Globalization has had a major impact on the South African music scene, and it’s safe to say that pop music is here to stay. In the coming years, we can expect to see even more growth in the popularity of pop music in South Africa as more people are exposed to different types of music from all over the world.

The influence of technology

The future of pop music in South Africa is likely to be shaped by the increasing influence of technology. In recent years, the proliferation of mobile phones and Internet access has made it easier for people to connect with each other and share music. This has led to a boom in the popularity of online music services such as iTunes and Spotify, which have made it easier for people to discover and listen to new music.

The rise of social media platforms such as YouTube and SoundCloud has also had a major impact on the way that people consume music. These platforms have given rise to a new generation of South African musicians who are able to reach a global audience without signing a record deal or getting radio airplay.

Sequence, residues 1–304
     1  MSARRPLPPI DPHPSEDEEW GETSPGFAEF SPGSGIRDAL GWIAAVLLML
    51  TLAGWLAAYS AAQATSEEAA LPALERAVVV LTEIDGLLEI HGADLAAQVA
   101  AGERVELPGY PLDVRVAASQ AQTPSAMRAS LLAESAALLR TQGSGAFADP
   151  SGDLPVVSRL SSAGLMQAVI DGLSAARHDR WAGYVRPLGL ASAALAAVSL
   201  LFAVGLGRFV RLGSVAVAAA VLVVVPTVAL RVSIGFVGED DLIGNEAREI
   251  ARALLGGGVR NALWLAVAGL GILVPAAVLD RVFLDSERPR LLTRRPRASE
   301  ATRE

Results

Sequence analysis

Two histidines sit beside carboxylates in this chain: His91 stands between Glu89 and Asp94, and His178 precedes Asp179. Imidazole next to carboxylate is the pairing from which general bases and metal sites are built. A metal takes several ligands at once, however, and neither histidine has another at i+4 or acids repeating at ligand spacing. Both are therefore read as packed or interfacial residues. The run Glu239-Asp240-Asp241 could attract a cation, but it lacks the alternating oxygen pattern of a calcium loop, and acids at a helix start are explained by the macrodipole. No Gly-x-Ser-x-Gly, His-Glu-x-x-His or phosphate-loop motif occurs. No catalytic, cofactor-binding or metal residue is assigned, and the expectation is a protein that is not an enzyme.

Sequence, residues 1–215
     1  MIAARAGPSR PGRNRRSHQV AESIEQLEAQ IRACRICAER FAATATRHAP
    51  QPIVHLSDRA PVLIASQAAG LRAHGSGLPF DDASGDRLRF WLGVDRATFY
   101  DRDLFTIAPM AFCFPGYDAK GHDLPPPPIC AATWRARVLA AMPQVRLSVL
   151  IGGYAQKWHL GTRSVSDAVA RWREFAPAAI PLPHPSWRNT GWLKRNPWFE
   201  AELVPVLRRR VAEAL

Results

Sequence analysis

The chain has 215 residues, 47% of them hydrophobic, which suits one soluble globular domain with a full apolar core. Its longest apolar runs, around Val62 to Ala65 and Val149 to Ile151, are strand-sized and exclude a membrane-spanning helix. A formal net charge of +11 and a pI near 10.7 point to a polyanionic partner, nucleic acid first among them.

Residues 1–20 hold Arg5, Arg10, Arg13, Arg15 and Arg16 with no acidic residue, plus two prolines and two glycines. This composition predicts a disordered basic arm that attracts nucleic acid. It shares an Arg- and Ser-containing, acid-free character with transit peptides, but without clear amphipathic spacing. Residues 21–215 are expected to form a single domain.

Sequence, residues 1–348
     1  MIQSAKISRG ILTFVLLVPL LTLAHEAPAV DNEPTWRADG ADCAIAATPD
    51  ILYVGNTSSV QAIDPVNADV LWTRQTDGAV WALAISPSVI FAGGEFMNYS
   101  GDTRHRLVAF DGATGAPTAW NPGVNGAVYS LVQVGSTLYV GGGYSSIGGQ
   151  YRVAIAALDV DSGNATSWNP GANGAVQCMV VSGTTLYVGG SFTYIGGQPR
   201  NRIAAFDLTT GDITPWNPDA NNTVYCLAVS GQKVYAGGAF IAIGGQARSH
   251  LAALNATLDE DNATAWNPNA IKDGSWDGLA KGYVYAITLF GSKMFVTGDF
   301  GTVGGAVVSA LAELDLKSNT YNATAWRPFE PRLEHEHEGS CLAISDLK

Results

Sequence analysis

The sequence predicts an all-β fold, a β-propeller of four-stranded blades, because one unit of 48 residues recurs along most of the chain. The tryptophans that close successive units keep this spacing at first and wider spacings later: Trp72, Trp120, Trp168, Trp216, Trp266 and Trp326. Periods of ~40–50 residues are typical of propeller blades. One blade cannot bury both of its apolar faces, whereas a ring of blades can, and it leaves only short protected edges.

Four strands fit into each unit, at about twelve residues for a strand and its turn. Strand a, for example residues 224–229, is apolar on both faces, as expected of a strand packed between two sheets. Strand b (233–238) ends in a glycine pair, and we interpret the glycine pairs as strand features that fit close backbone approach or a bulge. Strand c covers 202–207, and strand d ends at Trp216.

It is not just the way that people consume music that is changing; technology is also having an impact on the way that music is created. In recent years, there has been a growing trend for artists to use digital tools such as loops and samples to create their own unique sound. This has led to the rise of genres such as trap and drill, which are heavily influenced by hip hop and trap music from the United States.

The increasing popularity of these genres is likely to have a significant impact on the future sound of pop music in South Africa. As more artists experiment with digital production techniques, we are likely to see an explosion of new sounds and styles in the years to come.